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Local Nonprofits Demand Strong Permit for McConway and Torley Steel Foundry

Updated: Feb 21

On September 14, at the Allegheny County Board of Health meeting, a dozen local community and environmental non-profit organizations delivered a letter calling on Dr. Karen Hacker, Director of the Allegheny County Health Department (ACHD), to issue an operating permit to the McConway & Torley plant that would prioritize community health by meaningfully reducing emissions of benzene, manganese, and other air pollution from the facility. This follows the efforts of residents who presented 800 petitions in March, calling for a strong permit to be issued in a timely manner.

In April of 2015, the Allegheny County Health Department proposed an operating permit for McConway & Torley that would have significantly reduced the amount of harmful air pollution released, but the permit has still not been issued.

Thanks to all the groups that signed on and all residents concerned about air quality who have stayed focused on this issue.

Full letter:

Dear Dr. Hacker,

We the undersigned organizations urge you to finalize a strong permit for the McConway & Torley steel foundry that includes local emission reductions and improves the air quality for those who live and work in Pittsburgh, especially in the Lawrenceville neighborhood where the plant is located.

Pittsburgh has some of the worst air quality in the country. Our region receives failing grades in the American Lung Association’s State of the Air report which places us as the 8th most polluted region nationwide for year-round particle pollution and 14th for short-term particle pollution.

The health effects of air pollution are well-documented. Increased exposure to dirty air can lead to lung disease, asthma, heart attacks, and strokes. According to a University of Pittsburgh, Graduate School of Public Health study, Allegheny County residents have twice the risk of cancer from air toxins compared to those living in nearby rural areas.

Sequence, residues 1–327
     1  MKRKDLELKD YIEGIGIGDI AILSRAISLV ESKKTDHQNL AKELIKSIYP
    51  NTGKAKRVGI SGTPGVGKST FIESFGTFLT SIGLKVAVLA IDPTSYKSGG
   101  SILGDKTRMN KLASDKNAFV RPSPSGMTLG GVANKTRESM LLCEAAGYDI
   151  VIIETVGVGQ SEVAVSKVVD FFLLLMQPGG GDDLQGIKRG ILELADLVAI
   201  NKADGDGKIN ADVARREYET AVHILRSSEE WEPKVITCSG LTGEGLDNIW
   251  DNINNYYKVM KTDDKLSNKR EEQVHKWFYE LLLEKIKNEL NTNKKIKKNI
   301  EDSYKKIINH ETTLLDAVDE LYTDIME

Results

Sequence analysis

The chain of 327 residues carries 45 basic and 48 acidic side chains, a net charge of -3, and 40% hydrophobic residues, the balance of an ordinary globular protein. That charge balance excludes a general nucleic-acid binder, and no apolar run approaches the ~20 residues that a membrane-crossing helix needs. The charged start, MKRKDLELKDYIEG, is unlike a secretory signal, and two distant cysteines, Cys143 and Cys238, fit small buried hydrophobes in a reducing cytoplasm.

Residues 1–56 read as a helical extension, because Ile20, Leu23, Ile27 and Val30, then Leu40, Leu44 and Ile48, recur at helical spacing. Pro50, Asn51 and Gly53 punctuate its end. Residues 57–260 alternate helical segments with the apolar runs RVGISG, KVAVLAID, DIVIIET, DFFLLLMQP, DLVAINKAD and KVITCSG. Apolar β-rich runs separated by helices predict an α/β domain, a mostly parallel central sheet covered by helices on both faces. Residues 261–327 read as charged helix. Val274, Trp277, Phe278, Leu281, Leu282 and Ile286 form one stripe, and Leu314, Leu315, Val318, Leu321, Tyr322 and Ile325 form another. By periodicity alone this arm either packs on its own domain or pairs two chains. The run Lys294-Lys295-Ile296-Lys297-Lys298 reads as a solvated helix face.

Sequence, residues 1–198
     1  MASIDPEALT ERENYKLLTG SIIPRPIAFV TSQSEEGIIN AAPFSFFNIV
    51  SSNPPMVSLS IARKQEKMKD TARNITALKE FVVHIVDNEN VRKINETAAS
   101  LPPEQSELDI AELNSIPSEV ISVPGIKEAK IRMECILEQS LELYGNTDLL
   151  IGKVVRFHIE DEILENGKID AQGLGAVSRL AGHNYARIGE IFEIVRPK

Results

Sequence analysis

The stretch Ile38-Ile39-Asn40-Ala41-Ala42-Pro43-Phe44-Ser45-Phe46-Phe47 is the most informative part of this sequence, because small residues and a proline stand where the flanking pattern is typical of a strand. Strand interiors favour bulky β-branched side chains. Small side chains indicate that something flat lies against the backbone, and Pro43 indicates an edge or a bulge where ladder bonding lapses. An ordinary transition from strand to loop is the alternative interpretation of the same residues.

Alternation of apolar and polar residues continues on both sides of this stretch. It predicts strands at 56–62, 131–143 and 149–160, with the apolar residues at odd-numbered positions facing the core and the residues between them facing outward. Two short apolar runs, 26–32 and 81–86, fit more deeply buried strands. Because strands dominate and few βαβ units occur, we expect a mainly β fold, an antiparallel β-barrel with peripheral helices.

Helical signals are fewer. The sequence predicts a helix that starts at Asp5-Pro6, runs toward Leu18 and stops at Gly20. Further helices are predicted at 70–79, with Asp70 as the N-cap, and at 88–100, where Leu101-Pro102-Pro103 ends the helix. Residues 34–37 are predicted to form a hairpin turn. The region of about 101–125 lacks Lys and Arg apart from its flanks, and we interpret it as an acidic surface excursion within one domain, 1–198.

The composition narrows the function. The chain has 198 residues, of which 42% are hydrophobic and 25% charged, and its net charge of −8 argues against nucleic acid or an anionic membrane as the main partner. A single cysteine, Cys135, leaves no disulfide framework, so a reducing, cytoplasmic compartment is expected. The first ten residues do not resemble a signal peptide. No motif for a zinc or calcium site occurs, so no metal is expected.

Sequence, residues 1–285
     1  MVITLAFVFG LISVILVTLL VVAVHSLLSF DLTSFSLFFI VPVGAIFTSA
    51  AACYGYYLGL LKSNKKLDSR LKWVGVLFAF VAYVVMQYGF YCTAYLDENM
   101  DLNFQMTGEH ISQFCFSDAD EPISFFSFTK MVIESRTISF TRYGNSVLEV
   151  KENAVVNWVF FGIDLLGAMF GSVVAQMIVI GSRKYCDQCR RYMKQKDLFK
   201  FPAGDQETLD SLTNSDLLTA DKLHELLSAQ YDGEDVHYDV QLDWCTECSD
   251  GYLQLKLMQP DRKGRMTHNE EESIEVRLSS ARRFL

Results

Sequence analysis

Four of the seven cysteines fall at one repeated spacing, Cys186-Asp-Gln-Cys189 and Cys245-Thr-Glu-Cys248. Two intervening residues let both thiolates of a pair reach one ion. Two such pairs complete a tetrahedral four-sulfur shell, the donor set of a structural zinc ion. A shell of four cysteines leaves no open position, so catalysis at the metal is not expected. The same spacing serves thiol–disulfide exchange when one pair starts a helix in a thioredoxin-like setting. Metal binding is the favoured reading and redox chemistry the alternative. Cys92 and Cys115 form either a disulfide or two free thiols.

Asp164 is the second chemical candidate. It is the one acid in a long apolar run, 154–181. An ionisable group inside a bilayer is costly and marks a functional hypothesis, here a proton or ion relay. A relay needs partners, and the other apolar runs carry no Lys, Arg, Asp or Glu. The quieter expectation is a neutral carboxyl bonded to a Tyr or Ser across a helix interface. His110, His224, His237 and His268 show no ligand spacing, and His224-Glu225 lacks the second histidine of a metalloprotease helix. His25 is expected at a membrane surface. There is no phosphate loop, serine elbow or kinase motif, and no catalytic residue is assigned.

Air pollution-related diseases also led to an estimated 14,636 premature deaths in western Pennsylvania between 2000 and 2008 according to an investigation by the Pittsburgh Post-Gazette.

Among the worst polluters in Allegheny County is the McConway and Torley steel foundry in Lawrenceville. The plant was ranked 8th on Penn Environment’s Toxic Ten Report, which ranked point sources within the county, because it is a proven polluter of toxic emissions that are harmful to our health. These include soot, the neurotoxin manganese, and the carcinogen benzene. Based on 2014 reported emissions, McConway & Torley was the third-largest stationary source of benzene and fifth largest stationary source of manganese in Allegheny County. In addition, noxious odors and heavy truck traffic, from the facility impact the quality of life for nearby community members.

Last April, the Health Department proposed a permit for McConway and Torley that would have reduced the release of harmful air toxins, but this permit was pulled for revisions and we are still waiting for a new draft. The more than 147,000 residents living within 3 miles of the facility need a strong permit to be issued in a timely manner.

The new permit needs to prioritize the health of nearby residents. The permit must ensure the facility is operating at levels that prioritizes the health of those in the region and require the continuous use of emission reduction technology such as the baghouses. 

In addition the health department needs to use the most stringent level for assessing manganese, the US EPA Integrated Risk Information System (IRIS). We also need to continue and expand fenceline monitoring, including putting a monitor downwind from the facility and start monitoring for benzene, to get a better assessment of the pollution in the area.

It’s time for McConway & Torley to be a good neighbor and take action to reduce the harmful pollutants they are emitting into our air. That’s why I am writing you to urge you to draft a permit in a timely manner that prioritizes our health and leads to marked reductions in toxic chemicals, especially manganese, benzene, and chromium.


Steve Hvozdovich State Campaigns Director Clean Water Action

Larry Schweiger President Citizens for Pennsylvania’s Future

Danielle Crumrine Executive Director Tree Pittsburgh

Scott Bricker Executive Director Bike Pittsburgh

Rachel Filippini Executive Director Group Against Smog and Pollution

Tom Schuster Senior Campaigns Representative Sierra Club

Thaddeus Popovich Co-founder Allegheny County Clean Air Now

Emily Collins Executive Director Fair Shake Environmental Legal Services

Kevin Stewart Director of Environmental Health American Lung Association

Thurm Brendlinger Program Director Clean Air Council

Patrice Tomcik Field Organizer Moms Clean Air Force

Michelle Naccarati-Chapkis Executive Director Women for a Healthy Environment

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